White House Looks to Appease Catholics With 'Plan B' Ruling

In a surprise move, Health and Human Services Secretary Kathleen Sebelius overruled a Food and Drug Administration decision to allow minors to buy Plan B One-Step over the counter.

The decision is likely aimed at defusing the issue ahead to the 2012 election and appeasing Catholic leaders who have been upset with other recent decisions from the HHS secretary.

Plan B, known as an “emergency contraceptive,” is a drug that prevents a fertilized egg from implanting in the uterus if taken within 72 hours after having sex.

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The FDA had determined that Plan B was “safe and effective” for adolescents, but Sebelius said in a statement that she did not find the data conclusive.

Sebelius has recently been criticized by Catholic leaders for two other decisions. In the first, health care service providers would be required to carry contraceptive services under the new health care law. The religious exemption was written so narrowly that Catholic hospitals and universities would not qualify. Catholics are opposed to the use of contraception.

Second, a Catholic organization that provides help for the victims of human trafficking was denied an HHS grant because it does not provide abortion referrals.

“The government should not be telling us what constitutes Catholic ministry,” Sister Mary Ann Walsh, spokesperson for United States Conference of Catholic Bishops, told The Christian Post in a Thursday interview, “and there is still concern over the HHS decision to manipulate the grant process.”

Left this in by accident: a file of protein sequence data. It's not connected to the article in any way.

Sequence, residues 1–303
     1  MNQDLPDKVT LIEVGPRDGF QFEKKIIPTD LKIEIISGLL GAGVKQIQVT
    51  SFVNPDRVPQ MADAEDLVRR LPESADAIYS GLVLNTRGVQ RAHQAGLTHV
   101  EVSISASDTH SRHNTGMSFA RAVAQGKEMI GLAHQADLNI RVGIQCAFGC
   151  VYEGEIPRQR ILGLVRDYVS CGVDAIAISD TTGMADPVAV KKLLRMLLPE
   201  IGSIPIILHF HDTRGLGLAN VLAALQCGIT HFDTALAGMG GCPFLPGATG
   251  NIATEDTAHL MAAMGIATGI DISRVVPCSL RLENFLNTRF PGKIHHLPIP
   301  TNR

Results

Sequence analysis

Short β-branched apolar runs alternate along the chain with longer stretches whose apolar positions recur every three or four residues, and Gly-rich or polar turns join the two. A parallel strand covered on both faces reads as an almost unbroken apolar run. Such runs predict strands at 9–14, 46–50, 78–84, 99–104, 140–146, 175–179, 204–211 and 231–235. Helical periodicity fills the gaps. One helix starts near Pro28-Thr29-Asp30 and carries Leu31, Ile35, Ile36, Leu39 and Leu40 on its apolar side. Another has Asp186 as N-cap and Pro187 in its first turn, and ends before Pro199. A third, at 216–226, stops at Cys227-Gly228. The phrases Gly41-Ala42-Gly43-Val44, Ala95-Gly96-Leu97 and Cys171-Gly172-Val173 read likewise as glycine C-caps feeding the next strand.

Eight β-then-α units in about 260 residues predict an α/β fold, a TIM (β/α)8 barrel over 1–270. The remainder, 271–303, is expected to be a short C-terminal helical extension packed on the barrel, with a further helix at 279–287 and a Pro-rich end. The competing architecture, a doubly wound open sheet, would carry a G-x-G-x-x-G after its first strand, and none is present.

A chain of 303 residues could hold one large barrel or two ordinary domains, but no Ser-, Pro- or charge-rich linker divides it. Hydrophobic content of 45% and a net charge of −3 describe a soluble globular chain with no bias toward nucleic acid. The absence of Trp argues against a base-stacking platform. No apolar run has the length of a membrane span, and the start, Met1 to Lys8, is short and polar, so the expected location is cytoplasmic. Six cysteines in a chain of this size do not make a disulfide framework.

USCCB agrees with Sebelius' Plan B decision, Walsh said, but, “hardly does one cut the other.” The grant decision “we think is illegal,” the contraception requirement decision “we think is completely against religious liberty.” Not allowing Plan B to be purchased over-the-counter by minors, “fortunately, is one in favor of children, which we certainly can support any decision that is in favor of children.”

“We don't believe in Plan B at all,” Walsh added, “but we're absolutely horrified that someone might push it to kids 11 years old, and that's where the secretary drew the line.”

Obama denied any involvement, but said he agreed with Sebelius' decision in a Thursday press conference.

“I think it is important for us to make sure that we apply some common sense to various rules when it comes to over-the-counter medicine. When it comes to 12-year-olds or 13-year-olds, the question is can we have confidence that they would potentially use Plan B properly,” Obama said.

Liberal Washington Post columnist E. J. Dionne, a Catholic, warned the Obama administration in a Nov. 23 editorial that it was in danger of isolating liberal Catholics and strengthening conservative Catholics if it did not offer some concessions to Catholics.

“If the administration is pressured into refusing any accommodation on the contraception rules, the people who will be undercut most are progressive Catholics who went out on a limb to support the health-care law and those bishops holding the line against the Catholic right by standing up for the church’s commitment to social justice. This will only strengthen the most conservative forces inside the Catholic Church,” Dionne wrote.

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